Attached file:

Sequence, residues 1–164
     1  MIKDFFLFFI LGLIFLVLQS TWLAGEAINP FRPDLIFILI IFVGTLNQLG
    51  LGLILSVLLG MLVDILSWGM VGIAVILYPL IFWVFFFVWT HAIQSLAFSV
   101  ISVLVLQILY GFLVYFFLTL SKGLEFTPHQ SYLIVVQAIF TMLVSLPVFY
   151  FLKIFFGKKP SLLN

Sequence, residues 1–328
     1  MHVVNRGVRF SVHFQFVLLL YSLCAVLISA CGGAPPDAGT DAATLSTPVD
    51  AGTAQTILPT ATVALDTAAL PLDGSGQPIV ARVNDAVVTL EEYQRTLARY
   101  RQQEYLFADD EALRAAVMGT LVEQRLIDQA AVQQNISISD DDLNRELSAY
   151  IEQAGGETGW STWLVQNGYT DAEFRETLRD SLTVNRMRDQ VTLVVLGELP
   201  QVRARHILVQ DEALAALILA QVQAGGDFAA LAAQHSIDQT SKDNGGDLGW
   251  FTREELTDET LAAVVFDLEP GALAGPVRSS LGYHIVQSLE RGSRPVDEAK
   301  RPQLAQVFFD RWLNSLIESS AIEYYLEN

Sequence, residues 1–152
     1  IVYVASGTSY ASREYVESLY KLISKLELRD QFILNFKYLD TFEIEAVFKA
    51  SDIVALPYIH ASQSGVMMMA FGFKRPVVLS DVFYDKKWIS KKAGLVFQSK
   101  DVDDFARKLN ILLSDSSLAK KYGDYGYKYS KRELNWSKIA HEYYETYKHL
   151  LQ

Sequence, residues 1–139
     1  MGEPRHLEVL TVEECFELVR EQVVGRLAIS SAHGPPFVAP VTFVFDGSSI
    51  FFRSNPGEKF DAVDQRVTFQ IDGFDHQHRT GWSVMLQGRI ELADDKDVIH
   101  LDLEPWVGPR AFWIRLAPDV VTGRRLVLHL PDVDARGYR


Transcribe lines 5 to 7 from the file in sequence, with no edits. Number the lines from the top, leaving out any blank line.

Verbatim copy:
   151  FLKIFFGKKP SLLN

Sequence, residues 1–328
     1  MHVVNRGVRF SVHFQFVLLL YSLCAVLISA CGGAPPDAGT DAATLSTPVD